§ 34. Mr. Ian Bruce
What assessment he has made of the adequacy of the funds available for the National Audit Office. 
§ Mr. Robert Sheldon (Chairman of the Public Accounts Commission)
The National Audit Office corporate plan for 1998-99 to 2002-03 showed an increase in net cash resources from £39.8 million to £41.5 million in real terms over the next five years. There will be considerable increases in work load in this period as a result of the introduction of resource accounting, greater examination of regularity and propriety issues and involvement in accounting and tendering procedures in public-private partnerships. The cost of the extra work will be partly offset by continuing efficiency savings.
§ Mr. Bruce
I thank the right hon. Gentleman—I hope that he is indeed a right hon. Gentleman because he certainly should be by now—for that answer. Does he agree that the National Audit Office gives good value for money and that its reports often lead to further savings? 16 However, will the Public Accounts Commission consider whether we should put more funds into checking what is happening in local government? District auditors are supposed to ensure that the correct procedures are followed, but does the right hon. Gentleman agree that they sometimes get too close to local authorities and that many problems seem to be missed? Is it not time that we got to the bottom of what is happening in local government?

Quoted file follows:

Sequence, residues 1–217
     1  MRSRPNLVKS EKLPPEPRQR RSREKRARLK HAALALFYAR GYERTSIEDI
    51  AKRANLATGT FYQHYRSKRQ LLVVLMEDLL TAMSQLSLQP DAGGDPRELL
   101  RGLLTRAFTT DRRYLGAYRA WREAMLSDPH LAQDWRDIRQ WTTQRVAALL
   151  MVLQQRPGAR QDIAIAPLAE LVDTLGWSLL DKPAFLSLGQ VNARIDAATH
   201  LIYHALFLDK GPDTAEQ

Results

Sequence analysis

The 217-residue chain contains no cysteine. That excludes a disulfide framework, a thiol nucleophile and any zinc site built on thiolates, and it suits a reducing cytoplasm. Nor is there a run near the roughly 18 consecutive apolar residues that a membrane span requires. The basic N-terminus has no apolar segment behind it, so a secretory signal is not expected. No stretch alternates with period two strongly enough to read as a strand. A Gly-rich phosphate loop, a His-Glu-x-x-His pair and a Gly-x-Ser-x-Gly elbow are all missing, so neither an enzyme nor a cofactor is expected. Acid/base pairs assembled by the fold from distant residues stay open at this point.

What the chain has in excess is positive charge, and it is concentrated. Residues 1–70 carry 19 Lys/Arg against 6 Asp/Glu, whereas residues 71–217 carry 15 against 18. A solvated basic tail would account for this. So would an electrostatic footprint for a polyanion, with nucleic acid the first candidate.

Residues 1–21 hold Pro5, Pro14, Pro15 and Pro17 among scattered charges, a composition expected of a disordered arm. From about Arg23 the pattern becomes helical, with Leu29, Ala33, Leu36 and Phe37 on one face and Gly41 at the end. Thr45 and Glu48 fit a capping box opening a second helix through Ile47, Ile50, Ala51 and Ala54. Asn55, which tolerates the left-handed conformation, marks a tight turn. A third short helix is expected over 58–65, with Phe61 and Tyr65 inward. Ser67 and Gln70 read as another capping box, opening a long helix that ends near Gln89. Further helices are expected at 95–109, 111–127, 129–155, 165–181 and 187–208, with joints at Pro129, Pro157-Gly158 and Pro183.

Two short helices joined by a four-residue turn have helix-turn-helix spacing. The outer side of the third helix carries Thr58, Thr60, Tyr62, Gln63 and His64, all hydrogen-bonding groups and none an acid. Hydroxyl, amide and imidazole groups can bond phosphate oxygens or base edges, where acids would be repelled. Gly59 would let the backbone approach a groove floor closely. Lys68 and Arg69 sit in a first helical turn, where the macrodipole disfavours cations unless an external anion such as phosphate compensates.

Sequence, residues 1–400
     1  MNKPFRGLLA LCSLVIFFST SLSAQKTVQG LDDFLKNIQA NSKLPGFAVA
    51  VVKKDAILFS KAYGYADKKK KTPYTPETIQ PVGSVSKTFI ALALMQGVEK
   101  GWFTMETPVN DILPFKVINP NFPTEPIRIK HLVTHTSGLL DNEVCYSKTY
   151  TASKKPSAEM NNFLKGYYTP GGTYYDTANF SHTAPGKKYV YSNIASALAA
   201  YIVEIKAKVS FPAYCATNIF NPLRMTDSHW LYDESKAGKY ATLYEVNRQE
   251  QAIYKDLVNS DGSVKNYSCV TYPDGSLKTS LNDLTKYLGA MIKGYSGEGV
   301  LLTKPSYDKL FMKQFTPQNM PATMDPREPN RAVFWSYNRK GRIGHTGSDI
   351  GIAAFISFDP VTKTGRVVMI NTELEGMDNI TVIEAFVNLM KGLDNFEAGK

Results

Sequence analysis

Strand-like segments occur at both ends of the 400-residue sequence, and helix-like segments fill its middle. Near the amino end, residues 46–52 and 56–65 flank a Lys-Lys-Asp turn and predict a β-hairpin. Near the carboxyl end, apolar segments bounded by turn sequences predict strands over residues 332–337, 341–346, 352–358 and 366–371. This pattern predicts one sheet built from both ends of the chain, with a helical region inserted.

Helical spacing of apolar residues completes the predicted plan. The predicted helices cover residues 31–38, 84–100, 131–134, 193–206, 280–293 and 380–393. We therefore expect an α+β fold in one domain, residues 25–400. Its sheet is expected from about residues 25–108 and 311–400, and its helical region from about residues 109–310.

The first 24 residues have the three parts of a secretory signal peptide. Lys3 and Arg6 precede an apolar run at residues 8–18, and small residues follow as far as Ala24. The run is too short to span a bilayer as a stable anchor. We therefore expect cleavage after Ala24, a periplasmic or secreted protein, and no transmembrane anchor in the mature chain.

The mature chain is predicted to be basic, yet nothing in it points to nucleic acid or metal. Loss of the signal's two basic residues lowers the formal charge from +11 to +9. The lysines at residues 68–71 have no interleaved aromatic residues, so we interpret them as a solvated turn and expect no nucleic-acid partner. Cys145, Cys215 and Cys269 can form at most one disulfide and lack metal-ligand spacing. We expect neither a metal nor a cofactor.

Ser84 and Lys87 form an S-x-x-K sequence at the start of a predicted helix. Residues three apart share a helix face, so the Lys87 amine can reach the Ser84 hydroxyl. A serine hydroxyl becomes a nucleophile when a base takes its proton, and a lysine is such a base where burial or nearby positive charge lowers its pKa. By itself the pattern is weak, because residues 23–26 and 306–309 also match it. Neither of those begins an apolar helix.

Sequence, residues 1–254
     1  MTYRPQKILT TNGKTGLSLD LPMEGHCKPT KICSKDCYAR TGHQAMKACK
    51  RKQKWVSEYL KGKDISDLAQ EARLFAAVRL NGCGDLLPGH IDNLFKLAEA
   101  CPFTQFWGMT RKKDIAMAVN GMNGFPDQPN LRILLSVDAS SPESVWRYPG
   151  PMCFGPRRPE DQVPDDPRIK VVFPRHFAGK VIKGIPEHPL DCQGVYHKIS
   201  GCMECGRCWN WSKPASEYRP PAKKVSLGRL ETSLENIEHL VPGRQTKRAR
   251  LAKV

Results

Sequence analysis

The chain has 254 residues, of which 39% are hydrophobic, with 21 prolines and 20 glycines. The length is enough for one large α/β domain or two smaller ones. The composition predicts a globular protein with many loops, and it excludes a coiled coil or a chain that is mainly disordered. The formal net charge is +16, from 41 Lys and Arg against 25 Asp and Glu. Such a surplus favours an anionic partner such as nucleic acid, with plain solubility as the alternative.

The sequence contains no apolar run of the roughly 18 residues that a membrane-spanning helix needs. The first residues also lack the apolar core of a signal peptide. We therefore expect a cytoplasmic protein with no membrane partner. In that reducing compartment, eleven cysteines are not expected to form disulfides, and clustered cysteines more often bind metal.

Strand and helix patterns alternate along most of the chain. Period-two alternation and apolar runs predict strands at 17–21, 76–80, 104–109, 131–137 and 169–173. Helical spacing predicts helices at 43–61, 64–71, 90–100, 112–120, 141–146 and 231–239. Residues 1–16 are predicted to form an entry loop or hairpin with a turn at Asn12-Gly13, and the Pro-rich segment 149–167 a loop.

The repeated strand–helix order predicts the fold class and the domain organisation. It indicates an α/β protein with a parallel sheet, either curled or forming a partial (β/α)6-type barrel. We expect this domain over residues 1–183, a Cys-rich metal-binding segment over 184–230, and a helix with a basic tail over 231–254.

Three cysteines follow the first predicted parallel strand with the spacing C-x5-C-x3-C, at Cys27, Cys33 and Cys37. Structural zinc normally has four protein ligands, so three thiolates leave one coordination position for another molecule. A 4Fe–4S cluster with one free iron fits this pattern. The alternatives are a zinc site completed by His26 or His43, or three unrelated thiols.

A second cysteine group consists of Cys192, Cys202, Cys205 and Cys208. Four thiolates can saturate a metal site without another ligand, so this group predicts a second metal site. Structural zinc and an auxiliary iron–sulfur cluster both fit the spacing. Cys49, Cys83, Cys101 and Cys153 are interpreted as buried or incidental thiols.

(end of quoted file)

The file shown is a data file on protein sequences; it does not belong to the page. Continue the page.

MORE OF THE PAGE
§ Mr. Sheldon
I agree with the hon. Gentleman about the value for money that is obtained by the National Audit Office. It is one of the great ventures of the House, and since its introduction in 1983, it has succeeded in meeting all the aims of the National Audit Act 1983.
Local government is a matter for the Audit Commission. As Chairman of the Public Accounts Commission, I have co-operated with the commission, but local government is entirely a matter for it, as are any proposals that it may make to the National Audit Office or to the PAC.
§ Mrs. Dunwoody
Will my right hon. Friend ensure that the excellent statement on public-private finance in the annual report of the NAO is drawn to the attention of all hon. Members so that they do not forget that the taxpayer has a vested interest when looking at all alternatives to the use of taxpayers' money to find out whether better value might be provided by remaining within the state system?
§ Mr. Sheldon
The private finance initiative report by the NAO is very important and will be considered by the PAC in due course. We await that examination.